He said the phrase has been used “in one form or another for several years, but we kind of tightened it up in the last year or so and got it down to that form. We’re looking to develop it more in the future. We added it to business cards this year and we’re kind of bringing it into the mix. It’s been something we’ve said for a long time, but we’re just now getting it down to this easy to-communicate form.”

That the expression is rooted in company philosophy suggests it is an accurate representation of the company and, therefore, an appropriate corporate branding element. As it comes into more prominence in future marketing efforts, it may move from being an internal focal point to being an external identifier, a corporate brand, if you will, that is wholly separate from the John Deere products it sells.

“We don’t have a campaign announcement planned, or anything else, per se,” Board said. “It just is going to be incorporated into print, radio and TV, and, internally, in newsletters. It will be something the customers see about every time they hear from us.”

Board, who has a marketing and public relations degree from University of North Carolina-Charlotte, is handling the evolutionary change internally. He was managing a store and doing similar work for Piedmont Farm and Yard until it merged with James River Equipment. Board was asked how James River will know if its low-key “relationships” theme is successful in building confidence among existing and potential customers.

“Of course, most companies would say that you can track it with your sales. If there is an increase in sales, the campaign has been successful,” he said. “But with us, it really, truly first is about building these relationships.”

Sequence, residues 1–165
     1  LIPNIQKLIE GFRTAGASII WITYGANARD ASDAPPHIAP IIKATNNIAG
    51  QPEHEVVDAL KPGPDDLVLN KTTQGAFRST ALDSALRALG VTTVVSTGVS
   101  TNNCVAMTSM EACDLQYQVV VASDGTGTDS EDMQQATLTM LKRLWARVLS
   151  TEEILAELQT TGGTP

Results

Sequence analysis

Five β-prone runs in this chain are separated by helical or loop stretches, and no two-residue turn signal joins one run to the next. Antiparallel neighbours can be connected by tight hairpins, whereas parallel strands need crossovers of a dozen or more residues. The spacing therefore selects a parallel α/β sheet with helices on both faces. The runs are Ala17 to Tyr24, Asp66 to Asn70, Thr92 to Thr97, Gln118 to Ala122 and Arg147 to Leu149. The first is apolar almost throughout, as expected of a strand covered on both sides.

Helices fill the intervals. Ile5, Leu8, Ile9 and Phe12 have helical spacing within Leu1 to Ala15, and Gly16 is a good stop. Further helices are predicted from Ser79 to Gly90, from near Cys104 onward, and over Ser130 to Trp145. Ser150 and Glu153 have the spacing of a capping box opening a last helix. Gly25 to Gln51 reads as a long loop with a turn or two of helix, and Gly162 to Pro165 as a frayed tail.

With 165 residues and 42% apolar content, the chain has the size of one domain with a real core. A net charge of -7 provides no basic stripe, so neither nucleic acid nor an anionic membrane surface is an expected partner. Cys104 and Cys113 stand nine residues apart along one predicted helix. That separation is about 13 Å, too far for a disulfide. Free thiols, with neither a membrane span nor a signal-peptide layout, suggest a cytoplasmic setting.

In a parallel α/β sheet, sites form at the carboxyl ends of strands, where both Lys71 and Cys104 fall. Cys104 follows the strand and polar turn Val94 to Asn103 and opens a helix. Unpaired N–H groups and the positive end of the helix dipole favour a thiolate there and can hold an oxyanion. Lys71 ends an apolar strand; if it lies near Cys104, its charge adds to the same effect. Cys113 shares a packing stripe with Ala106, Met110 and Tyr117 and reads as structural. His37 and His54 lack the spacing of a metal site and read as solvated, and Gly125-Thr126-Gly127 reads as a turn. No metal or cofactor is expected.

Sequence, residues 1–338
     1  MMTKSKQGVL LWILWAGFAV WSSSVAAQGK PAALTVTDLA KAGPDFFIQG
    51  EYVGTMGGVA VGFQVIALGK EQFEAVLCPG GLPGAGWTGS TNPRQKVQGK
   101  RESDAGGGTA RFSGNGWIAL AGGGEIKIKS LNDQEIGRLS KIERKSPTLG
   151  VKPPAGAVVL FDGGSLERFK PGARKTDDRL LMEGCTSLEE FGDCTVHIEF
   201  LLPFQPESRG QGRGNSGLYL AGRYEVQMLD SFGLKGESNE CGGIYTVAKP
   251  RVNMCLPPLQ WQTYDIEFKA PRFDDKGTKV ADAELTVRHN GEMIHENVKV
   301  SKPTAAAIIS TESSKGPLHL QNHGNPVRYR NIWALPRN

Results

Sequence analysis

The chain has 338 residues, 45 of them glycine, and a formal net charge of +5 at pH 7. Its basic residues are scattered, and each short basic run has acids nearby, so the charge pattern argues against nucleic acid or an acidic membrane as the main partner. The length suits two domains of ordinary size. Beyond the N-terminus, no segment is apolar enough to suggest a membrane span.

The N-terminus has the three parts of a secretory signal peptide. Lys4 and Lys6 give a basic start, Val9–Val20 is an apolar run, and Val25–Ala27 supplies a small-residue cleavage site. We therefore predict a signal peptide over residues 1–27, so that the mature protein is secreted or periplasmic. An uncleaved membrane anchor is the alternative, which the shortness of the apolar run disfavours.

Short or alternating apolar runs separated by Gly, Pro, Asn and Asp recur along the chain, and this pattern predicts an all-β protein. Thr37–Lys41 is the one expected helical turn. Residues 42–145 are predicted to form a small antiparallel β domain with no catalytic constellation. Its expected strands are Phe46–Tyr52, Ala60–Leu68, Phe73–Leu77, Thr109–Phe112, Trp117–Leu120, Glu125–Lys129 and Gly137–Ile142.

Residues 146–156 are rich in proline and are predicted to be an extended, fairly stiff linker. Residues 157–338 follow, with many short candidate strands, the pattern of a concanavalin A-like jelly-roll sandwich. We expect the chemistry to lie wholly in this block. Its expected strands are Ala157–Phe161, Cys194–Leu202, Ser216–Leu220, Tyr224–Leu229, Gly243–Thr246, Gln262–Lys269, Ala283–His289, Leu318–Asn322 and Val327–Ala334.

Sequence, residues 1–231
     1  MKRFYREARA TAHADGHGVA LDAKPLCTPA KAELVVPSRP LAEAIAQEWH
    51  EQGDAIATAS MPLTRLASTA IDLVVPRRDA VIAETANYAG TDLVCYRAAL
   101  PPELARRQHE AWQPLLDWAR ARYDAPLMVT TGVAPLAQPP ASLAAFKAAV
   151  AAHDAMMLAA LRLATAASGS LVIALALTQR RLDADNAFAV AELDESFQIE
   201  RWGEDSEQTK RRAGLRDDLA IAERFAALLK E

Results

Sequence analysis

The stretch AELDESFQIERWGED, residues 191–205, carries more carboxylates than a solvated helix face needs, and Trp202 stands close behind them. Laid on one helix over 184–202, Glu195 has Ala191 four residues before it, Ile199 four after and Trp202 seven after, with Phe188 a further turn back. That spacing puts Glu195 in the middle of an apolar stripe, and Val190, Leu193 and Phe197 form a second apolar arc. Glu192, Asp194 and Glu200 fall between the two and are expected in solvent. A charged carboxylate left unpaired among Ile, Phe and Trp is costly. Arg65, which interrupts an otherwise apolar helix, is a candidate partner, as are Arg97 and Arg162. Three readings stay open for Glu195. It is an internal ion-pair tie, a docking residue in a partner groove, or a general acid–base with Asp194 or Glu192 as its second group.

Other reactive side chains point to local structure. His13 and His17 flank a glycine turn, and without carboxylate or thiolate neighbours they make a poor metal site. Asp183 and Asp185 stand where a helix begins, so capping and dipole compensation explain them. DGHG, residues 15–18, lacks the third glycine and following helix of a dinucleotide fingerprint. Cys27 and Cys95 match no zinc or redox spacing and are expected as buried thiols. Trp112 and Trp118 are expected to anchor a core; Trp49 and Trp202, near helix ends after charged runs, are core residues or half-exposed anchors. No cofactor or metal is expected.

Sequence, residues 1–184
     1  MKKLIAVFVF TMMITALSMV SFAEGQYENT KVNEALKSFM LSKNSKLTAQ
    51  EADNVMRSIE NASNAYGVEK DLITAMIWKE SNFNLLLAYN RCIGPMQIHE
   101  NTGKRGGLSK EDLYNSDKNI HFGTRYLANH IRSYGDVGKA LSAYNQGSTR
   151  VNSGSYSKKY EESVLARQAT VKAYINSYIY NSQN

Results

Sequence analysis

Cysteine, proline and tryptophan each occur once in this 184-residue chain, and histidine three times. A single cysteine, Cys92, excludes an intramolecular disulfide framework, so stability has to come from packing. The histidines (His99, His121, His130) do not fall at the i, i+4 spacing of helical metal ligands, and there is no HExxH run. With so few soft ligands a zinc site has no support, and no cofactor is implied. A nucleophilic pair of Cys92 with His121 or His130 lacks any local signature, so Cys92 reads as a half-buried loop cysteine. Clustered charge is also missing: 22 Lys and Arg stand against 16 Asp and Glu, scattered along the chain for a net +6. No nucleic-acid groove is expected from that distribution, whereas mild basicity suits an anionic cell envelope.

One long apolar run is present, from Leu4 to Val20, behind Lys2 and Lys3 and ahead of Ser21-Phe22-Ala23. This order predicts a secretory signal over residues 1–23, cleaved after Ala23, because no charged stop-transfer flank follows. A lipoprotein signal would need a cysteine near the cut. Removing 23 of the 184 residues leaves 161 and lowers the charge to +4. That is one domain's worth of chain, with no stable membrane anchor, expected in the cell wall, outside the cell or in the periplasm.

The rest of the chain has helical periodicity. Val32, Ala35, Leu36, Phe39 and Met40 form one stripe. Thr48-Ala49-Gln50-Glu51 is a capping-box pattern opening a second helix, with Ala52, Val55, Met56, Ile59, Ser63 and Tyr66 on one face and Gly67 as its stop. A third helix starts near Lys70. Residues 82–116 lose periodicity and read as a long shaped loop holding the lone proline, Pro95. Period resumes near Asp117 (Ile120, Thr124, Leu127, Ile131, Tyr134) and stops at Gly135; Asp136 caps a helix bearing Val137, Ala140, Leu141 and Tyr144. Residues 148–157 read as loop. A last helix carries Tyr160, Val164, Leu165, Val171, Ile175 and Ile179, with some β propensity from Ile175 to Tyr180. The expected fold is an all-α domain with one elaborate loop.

Papé Group is a Eugene, Ore.-based company with five divisions including construction and material-handling equipment. It has office locations in six states in the northwestern and western United States. Last year, company officials decided to more closely unite the diverse companies — which range from Ditch Witch franchises to a business flight service — under the Papé banner.

“Some of our divisions did not have the Papé name associated with them directly, so we renamed some divisions, with Papé as a dominant part of the name, and then made sure all the Papé named-divisions fit under a consistent umbrella. We hoped to leverage the brand equity of both the divisions and the company group,” said Tim Clevenger, the firm’s director of development.

The branding effort involved determining the public perception of the company and then working to ensure that the company was operating in alignment with its goal of serving customers. Service has been a core element of the company’s business plan since the company’s beginning in 1938; a more dominant use of the Papé name in a new logo now consistently communicates the “service” message across all divisions.

The internal project to re-brand itself began in 2002 and, Clevenger said, “is a process that never ends.” Company executives still are executing the plan, with a new Web site coming online soon. The magnitude of any major re-branding project is such that many companies are reluctant to start it.

“The research we did prior to embarking on the plan told us that there are some dealers that embrace it,” Clevenger said. “But it is such a long-term investment, that a lot of dealers just don’t.”

How will Papé Group know if carrying out the plan was worth it? “This always is a difficult thing to measure,” Clevenger said, “but we’ve consistently seen our ’unaided awareness’ levels increase. Decision-makers were called and asked which dealership comes to mind first when they are considering an equipment purchase. We’ve seen our favorable response rate to that question increase over the last few years. That is the only quantifiable measurement we have. Anecdotally we’ll see and hear from customers that everything [the company divisions] seems to kind of fit together now, but that’s just anecdotal.”

Clevenger believes in branding, especially when a corporation has a long-standing, positive message to tell.

“The only thing that companies have to differentiate themselves is a brand that means something,” he said. “For us, that is a commitment to service.” CEG